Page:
This is what happened when we came to the Cross for salvation. We were humbled as sinners and we submitted to the Lamb of God, then we received salvation. We threw ourselves on the mercy of God. The atonement not only saves us, but also glorifies God. Immediately after our conversion, we hungered for spiritual food – God’s holy Word, which would equate with the laver. When the priests had sacrificed to God, their next appointment was the brazen laver. They could not serve apart from using the laver. The laver suggests separation and sanctification. 

 

The Brazen Altar

The altar reminds us of Hebrews 9:22, “without the shedding of blood.” There was no entrance to God’s presence except by blood. In this age, there is no entrance into the presence of God except through the sacrifice and blood of Christ. With this truth in view, it is significant that the altar was built foursquare. This suggests its sufficiency for Israel as they encamped on its four sides. In an even greater degree, it depicts the sacrifice of Christ, on the altar of the Cross, as sufficient to meet the need of the world. In virtue of this glorious truth, the risen triumphant Lord could say to His disciples, “Go ye into all the world and preach the Gospel to every creature.”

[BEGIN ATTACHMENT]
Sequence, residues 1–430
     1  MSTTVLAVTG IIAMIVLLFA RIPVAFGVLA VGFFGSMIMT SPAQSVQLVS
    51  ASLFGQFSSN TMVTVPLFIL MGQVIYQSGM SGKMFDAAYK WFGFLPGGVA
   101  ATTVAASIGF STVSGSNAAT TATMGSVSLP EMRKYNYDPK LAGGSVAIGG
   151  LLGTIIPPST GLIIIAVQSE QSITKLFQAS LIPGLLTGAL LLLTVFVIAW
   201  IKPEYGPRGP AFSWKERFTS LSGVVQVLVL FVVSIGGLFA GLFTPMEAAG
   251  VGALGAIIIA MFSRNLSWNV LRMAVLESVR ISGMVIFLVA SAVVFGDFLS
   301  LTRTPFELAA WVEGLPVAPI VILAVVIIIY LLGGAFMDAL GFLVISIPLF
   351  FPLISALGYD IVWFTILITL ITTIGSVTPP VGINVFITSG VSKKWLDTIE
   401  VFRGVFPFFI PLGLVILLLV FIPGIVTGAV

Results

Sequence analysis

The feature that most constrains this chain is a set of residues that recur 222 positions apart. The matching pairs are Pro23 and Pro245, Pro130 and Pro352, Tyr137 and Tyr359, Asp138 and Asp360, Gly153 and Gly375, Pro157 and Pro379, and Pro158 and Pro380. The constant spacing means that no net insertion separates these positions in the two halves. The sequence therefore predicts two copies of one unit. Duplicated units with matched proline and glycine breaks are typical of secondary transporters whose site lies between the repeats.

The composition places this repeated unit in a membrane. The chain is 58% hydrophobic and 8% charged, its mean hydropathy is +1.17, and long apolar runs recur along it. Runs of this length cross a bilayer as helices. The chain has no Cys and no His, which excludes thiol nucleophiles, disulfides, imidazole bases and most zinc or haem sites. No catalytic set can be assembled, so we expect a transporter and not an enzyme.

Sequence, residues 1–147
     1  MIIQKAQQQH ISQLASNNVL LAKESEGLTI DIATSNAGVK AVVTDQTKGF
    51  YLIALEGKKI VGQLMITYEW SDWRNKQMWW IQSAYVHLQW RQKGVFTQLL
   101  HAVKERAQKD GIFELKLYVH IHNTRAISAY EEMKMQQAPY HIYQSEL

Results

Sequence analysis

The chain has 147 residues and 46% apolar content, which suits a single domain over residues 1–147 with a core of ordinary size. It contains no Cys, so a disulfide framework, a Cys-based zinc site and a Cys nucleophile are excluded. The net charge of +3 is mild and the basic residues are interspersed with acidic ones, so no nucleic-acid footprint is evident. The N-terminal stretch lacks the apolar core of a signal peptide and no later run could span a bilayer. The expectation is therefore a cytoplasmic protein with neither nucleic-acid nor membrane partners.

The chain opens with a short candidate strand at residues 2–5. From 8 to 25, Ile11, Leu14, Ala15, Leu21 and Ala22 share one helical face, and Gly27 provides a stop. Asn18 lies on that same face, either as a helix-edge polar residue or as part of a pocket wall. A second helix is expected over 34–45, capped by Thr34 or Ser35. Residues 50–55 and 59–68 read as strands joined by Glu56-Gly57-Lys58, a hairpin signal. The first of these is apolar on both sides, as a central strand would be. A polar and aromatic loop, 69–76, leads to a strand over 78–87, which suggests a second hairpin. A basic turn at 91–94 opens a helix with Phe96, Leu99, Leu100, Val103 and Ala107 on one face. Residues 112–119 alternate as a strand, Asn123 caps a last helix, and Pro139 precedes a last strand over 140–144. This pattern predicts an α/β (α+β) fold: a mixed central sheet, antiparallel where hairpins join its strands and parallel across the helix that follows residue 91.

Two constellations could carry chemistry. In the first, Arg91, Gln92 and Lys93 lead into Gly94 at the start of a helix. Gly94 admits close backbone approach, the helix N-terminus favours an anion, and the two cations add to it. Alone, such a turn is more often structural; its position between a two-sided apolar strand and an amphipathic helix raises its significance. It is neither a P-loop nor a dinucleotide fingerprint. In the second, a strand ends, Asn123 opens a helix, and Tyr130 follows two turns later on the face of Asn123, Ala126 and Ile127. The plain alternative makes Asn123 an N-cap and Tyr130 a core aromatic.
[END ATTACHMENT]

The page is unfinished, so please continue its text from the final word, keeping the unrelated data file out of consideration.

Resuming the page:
The Tabernacle in the Wilderness

Introduction

Jehovah of old walked in Eden and held communion with Adam. He visited the patriarchs, the fathers of the nation, but He never had a home on earth until the Tabernacle was erected in the midst of His redeemed people.

    - The Human Intention, Exodus 15:2 - “I will prepare Him an habitation” said the people.

    - The Divine Request, Exodus 25:8 - “Let them make me a sanctuary that I may dwell among them,” said Jehovah.

     

The Tabernacle

Three questions might be asked regarding this Tabernacle: (1) What is a Tabernacle? (2) Why was the Tabernacle built? And (3) How was the Tabernacle constructed? 

    1. The Tabernacle was the Place of the Divine Presence. When the tabernacle was finished, the glory of Jehovah so filled the sacred enclosure that Moses, the mediator, could not enter (Exodus 40:35).